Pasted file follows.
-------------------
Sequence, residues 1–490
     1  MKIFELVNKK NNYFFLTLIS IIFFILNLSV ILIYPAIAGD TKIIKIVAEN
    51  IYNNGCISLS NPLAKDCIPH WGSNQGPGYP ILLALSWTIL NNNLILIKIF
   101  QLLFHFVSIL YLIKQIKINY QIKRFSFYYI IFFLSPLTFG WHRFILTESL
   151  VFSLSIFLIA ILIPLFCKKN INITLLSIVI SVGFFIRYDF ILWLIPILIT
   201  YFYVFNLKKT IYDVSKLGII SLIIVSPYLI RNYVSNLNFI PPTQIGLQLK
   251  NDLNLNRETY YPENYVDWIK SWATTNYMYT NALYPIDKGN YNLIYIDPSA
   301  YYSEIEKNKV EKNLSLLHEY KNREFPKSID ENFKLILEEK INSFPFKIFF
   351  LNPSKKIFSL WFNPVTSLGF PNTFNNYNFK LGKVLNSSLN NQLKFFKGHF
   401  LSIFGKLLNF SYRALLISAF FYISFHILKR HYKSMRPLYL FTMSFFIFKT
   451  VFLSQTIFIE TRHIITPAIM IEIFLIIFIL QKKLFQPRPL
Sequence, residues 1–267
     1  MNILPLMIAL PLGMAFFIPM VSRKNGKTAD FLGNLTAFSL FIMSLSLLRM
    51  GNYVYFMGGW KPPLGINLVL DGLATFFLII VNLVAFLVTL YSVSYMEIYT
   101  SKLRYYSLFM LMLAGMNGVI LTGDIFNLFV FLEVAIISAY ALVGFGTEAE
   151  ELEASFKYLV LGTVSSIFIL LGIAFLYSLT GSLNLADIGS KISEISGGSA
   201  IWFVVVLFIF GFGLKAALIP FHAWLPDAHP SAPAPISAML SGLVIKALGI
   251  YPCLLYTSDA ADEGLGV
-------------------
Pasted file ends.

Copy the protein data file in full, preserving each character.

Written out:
Sequence, residues 1–490
     1  MKIFELVNKK NNYFFLTLIS IIFFILNLSV ILIYPAIAGD TKIIKIVAEN
    51  IYNNGCISLS NPLAKDCIPH WGSNQGPGYP ILLALSWTIL NNNLILIKIF
   101  QLLFHFVSIL YLIKQIKINY QIKRFSFYYI IFFLSPLTFG WHRFILTESL
   151  VFSLSIFLIA ILIPLFCKKN INITLLSIVI SVGFFIRYDF ILWLIPILIT
   201  YFYVFNLKKT IYDVSKLGII SLIIVSPYLI RNYVSNLNFI PPTQIGLQLK
   251  NDLNLNRETY YPENYVDWIK SWATTNYMYT NALYPIDKGN YNLIYIDPSA
   301  YYSEIEKNKV EKNLSLLHEY KNREFPKSID ENFKLILEEK INSFPFKIFF
   351  LNPSKKIFSL WFNPVTSLGF PNTFNNYNFK LGKVLNSSLN NQLKFFKGHF
   401  LSIFGKLLNF SYRALLISAF FYISFHILKR HYKSMRPLYL FTMSFFIFKT
   451  VFLSQTIFIE TRHIITPAIM IEIFLIIFIL QKKLFQPRPL
Sequence, residues 1–267
     1  MNILPLMIAL PLGMAFFIPM VSRKNGKTAD FLGNLTAFSL FIMSLSLLRM
    51  GNYVYFMGGW KPPLGINLVL DGLATFFLII VNLVAFLVTL YSVSYMEIYT
   101  SKLRYYSLFM LMLAGMNGVI LTGDIFNLFV FLEVAIISAY ALVGFGTEAE
   151  ELEASFKYLV LGTVSSIFIL LGIAFLYSLT GSLNLADIGS KISEISGGSA
   201  IWFVVVLFIF GFGLKAALIP FHAWLPDAHP SAPAPISAML SGLVIKALGI
   251  YPCLLYTSDA ADEGLGV